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Management of Ipsilateral Terrible Triad Injury of Elbow and Concomitant Proximal Humerus Fracture: A Case Report and Literature Review

Case report
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Management of Ipsilateral Terrible Triad Injury of Elbow and Concomitant Proximal Humerus Fracture: A Case Report and Literature Review

Learning Point of the Article :
It highlights the necessity of responding to potentially fatal injuries quickly, implementing a surgical intervention plan that is phased following the patient’s overall health, and completing open reduction with internal fixation and ligament repair.
Case report | Volume 14 | Issue 03 | JOCR March 2024 | Page 109-113 | Siva Partheeswar [1], Naveen Sathiyaseelan [1], J Benjamin Vinodh [1], Arun Vignesh [1], Nitesh Kumar Rathi [1]. DOI:
Authors: Siva Partheeswar [1], Naveen Sathiyaseelan [1], J Benjamin Vinodh [1], Arun Vignesh [1], Nitesh Kumar Rathi [1]
[1] Department of Orthopaedics, Saveetha Institute of Medical and Technical Sciences, Chennai, Tamil Nadu, India.
Address of Correspondence:
Dr. Naveen Sathiyaseelan, Department of Orthopaedics, Saveetha Institute of Medical and Technical Sciences, Chennai, Tamil Nadu, India. E-mail:
Article Received : 2023-12-19,
Article Accepted : 2024-02-09

Introduction: A difficult pattern of injuries is Hotchkiss’s terrible triad, which includes elbow dislocations with fracture of the coronoid and head of radius. It is uncommon to have a concurrent proximal humerus fracture, which makes clinical care even more difficult.

Case Report: An injured worker, 33 years old, claimed to have fallen from a height and received several injuries when he arrived at our emergency center. On physical examination, the patient showed signs of deformity and had an open injury over his left elbow. The radiographic evaluation showed that the patient had a posterior elbow dislocation along with a fracture of the left coronoid, head of radius, and proximal humerus. Following the reduction in a closed manner, computed tomography of the left elbow was carried out for additional assessment. The patient had both the proximal humerus and elbow fixed, and then the elbow was immobilized for 2 weeks.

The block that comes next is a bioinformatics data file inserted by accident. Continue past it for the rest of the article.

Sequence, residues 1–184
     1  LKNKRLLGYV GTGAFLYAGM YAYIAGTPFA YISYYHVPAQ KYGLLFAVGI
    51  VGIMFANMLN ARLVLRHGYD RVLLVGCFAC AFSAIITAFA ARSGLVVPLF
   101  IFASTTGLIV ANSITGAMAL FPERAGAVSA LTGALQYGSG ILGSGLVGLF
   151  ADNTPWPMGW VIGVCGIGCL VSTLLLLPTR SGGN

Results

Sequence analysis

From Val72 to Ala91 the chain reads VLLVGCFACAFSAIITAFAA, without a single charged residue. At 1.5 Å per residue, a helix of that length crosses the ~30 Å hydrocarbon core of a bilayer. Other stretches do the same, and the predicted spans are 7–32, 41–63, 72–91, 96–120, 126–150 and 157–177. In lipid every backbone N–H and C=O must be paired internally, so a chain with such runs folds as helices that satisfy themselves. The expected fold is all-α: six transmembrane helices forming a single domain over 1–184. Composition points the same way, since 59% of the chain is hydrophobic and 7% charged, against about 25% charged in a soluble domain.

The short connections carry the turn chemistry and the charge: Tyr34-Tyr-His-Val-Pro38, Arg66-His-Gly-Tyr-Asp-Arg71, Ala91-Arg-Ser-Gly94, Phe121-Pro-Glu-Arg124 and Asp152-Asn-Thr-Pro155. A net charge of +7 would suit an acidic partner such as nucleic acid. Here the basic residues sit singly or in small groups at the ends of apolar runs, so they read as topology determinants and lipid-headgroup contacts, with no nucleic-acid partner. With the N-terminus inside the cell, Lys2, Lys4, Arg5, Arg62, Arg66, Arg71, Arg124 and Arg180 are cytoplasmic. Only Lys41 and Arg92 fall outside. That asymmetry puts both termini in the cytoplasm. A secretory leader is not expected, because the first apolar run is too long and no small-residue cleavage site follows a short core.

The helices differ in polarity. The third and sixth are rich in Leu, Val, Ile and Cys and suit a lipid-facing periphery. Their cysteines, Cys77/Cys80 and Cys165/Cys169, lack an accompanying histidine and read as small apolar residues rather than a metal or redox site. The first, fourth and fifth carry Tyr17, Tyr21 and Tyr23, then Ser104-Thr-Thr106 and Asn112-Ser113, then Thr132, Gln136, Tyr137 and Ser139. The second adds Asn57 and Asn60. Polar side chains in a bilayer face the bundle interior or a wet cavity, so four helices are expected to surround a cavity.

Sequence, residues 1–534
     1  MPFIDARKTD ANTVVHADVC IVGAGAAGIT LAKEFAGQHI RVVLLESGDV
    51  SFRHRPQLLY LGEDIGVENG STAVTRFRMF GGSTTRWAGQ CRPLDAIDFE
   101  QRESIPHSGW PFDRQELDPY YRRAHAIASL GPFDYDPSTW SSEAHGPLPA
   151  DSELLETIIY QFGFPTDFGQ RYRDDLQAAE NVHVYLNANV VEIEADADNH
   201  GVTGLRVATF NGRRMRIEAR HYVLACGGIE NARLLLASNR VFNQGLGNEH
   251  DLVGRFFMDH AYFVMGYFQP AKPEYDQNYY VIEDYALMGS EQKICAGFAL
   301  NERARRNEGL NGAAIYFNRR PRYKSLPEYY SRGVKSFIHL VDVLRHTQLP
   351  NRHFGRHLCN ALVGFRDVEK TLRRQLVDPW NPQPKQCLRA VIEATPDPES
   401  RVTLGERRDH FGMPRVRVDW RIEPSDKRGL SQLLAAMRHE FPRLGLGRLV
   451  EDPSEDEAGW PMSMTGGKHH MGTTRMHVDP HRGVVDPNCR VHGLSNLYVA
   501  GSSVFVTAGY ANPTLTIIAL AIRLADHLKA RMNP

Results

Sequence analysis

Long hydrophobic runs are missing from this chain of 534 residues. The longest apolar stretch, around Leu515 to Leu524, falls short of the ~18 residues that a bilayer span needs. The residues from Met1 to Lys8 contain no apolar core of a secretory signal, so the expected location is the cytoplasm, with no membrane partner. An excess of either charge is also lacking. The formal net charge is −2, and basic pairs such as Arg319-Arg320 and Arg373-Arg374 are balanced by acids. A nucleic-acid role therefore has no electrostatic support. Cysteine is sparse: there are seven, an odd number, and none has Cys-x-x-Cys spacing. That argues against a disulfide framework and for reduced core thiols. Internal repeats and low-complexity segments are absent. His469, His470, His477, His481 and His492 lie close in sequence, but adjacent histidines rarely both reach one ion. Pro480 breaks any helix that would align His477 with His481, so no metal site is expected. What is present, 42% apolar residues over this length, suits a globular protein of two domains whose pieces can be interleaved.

Conclusion: Complex musculoskeletal injuries resulting from high-energy trauma require a thorough, multidisciplinary strategy to address since long-term results and any consequences will require ongoing monitoring and rehabilitation.

Keywords: Lateral collateral ligament, multidisciplinary approach, proximal humerus fracture, terrible triad.


The phrase “terrible triad” implies a devastating set of injuries that usually include fractures to the radial head, elbow dislocation, and coronoid fracture. When it comes to functional outcomes and management, this intricate damage pattern poses serious issues [1, 2]. It is quite uncommon for there to be a simultaneous proximal humerus fracture added to this trio, which further complicates the clinical presentation and treatment choices. One of the more frequent traumatic injuries seen in orthopedic emergency rooms is elbow dislocations. First reported by Hotchkiss in 1996, the “terrible triad” injury is a severe dislocation of the elbow. The traditional symptoms include elbow dislocation, head of radius fracture, and fractured coronoid [3. 4]. To treat this complicated injury, surgical intervention is required to correct the fractures and instability that are a part of this injury pattern. An injury to an extended arm typically results in a valgus strain on the elbow, which dislocates the elbow posterolaterally [5-7]. Nonetheless, it is uncommon for a proximal humerus fracture to occur alongside the ipsilateral dreadful triad of the elbow, and managing such a condition presents special clinical and surgical difficulties. When one considers the awful triad of elbow injuries, such as this one, treatment considerations must take into account the possibility of complications and long-term disability, as well as the need to restore function in both the elbow and shoulder. This study is a case report of a polytrauma patient with an ipsilateral Hotchkiss triad of the elbow accompanied by a Neer’s Type 4 proximal humerus fracture. We discuss the patient’s clinical presentation, diagnostic workup, surgical intervention, and post-operative course.